Many Scientific advancements already treat the effects of ageing on the body but what if we can actually find ways to change the rate at which we age?
The International Centre on Ageing defined longevity as “an innovation that involves the adoption of changes, modest or substantial, in the process of ageing people, in their quality of life, in the spaces they inhabit and share, in the attention they receive and in social and family life”.
As humans live longer than ever before, the ‘Silver Economy’ is on the rise with the number of people over the age of 60 expected to grow from 900 million in 2019 to 2.1 billion by 2050.
One’s life expectancy can be affected by many environmental and genetic factors, ranging from diet, healthcare access and exercise to your occupation.
Companies such as Fauna Bio and Unity Biotech are developing new ways of countering the body’s ageing process with research into the biological processes behind animal hibernation which could provide insight into the manipulation of metabolic rates, blood flow and prevention of tissue damage. This could assist people who experience catastrophic events such as heart attacks or strokes. Medicines are also being developed which can potentially slow , halt or reverse age associated diseases whilst restoring human health.
A new phase of development is likely to feature augmented humans and the internet of body. This would include replacement of body parts and vital organs to extend the lives of individuals. These concepts are already being brought to fruition by companies such as LyGenesis , a longevity vision fund using lymph nodes to regrow functioning organs.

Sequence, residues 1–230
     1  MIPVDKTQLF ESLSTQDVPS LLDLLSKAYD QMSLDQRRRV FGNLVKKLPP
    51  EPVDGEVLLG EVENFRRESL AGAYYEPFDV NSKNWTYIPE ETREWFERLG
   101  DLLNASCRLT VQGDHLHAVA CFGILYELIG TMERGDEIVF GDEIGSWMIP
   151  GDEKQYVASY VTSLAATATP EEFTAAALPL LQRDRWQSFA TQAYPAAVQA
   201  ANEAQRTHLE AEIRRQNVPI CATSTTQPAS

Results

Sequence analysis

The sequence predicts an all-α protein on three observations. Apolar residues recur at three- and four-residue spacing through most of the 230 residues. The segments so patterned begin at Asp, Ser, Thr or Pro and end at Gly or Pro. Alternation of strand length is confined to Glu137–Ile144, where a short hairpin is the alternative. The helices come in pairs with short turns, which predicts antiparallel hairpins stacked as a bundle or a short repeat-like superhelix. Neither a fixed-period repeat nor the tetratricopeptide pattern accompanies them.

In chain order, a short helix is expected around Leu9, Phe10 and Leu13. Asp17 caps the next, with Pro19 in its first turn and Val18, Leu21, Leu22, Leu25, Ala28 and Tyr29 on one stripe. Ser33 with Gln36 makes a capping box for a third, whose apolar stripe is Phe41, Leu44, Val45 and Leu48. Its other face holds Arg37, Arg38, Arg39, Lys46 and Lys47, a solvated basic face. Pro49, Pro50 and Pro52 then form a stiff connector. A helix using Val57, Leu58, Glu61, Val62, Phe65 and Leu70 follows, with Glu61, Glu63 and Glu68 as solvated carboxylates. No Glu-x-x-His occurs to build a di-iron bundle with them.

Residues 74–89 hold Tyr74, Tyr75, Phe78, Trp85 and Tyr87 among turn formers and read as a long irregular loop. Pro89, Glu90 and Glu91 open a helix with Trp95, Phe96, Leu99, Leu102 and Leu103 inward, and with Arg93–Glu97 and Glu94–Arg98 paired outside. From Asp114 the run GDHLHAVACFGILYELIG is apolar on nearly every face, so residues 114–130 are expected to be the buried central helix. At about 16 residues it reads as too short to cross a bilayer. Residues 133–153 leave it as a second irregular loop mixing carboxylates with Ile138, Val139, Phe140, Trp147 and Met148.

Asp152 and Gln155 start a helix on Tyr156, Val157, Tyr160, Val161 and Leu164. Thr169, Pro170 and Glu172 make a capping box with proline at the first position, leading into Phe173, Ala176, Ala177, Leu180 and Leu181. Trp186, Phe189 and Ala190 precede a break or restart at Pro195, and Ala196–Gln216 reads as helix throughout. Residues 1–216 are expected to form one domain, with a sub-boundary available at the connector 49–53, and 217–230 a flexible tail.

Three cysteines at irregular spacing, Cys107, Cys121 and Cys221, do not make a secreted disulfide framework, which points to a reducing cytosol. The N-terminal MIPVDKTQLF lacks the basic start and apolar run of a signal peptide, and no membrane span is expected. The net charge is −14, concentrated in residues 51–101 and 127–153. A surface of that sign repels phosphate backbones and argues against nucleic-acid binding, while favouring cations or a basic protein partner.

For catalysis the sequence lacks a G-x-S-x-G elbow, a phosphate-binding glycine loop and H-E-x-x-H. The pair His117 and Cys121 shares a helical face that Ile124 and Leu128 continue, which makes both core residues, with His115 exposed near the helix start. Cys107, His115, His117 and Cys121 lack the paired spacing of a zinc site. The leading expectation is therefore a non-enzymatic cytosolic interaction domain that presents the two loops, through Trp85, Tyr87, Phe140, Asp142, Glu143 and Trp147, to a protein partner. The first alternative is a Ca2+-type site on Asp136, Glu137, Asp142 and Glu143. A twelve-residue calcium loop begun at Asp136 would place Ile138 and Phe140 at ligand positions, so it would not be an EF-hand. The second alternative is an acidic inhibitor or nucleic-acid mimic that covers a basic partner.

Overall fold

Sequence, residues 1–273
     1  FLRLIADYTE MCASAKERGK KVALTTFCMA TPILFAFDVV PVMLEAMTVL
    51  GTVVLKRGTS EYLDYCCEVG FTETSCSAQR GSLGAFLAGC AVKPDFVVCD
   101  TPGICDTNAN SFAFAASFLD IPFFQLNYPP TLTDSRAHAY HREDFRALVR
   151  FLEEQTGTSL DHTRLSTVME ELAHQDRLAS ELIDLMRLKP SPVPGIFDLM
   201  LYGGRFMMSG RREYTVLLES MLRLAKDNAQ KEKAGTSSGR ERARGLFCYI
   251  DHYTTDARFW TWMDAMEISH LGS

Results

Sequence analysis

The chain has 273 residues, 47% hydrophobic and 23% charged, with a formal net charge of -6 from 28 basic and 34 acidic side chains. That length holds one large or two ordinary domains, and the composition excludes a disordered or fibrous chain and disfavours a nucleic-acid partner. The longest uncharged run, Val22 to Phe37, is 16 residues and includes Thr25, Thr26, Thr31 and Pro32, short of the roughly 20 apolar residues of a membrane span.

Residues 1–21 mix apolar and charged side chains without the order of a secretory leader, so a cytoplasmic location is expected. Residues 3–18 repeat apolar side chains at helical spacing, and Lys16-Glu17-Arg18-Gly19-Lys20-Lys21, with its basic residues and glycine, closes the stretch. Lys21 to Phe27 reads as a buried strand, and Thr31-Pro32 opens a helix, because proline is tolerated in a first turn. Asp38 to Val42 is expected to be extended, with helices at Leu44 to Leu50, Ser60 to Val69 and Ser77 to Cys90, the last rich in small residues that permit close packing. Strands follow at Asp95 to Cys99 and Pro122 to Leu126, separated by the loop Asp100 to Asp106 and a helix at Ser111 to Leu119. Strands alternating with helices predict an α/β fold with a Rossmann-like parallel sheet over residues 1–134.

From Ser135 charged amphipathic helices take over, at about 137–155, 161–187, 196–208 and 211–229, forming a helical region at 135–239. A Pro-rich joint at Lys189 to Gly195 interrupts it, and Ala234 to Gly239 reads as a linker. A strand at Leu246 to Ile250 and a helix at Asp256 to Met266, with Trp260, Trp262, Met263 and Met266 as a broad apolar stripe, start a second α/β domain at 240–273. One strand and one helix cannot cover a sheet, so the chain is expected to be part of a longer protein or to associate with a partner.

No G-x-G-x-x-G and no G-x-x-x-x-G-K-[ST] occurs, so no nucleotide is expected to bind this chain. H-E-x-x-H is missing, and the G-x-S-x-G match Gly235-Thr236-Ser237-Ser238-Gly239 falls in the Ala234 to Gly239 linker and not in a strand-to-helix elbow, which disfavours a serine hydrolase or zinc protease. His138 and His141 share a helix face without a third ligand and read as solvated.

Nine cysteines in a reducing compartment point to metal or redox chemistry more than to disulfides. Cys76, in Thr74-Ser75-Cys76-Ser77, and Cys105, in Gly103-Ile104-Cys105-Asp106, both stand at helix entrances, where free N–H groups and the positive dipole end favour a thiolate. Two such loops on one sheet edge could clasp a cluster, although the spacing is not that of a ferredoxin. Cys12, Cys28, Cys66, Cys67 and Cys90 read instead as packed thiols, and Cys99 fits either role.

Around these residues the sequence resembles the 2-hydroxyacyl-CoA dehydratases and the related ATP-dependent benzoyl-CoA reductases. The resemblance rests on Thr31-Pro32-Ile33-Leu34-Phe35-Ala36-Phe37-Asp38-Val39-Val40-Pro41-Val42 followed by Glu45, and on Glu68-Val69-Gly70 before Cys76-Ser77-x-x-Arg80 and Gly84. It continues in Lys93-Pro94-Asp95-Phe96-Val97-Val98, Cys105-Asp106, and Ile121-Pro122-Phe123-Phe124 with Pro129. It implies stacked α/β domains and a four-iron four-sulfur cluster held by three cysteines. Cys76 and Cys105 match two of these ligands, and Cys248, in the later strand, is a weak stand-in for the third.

Many of the large, well known global tech brands alongside an army of start-up companies are investing in making these futuristic ideas a reality. Connected devices will, in the not too distant future, be affixed to the body to harvest greater data which can be leveraged by new machine learning and artificial intelligence systems to improve health care and extend the bounds of human mortality.
There is still a huge amount of untapped potential within this field and innovators can focus their efforts on the alteration of cells or redesigning of the human biological system or alternatively can look to cater for the ageing population through finding convenient and accessible solutions to age-related difficulties. For innovators and investors alike, it can be difficult to conceptualise the needs of those living to the age of 80, 90, 100 or even longer therefore market is ripe for innovation for those with the necessary vision.
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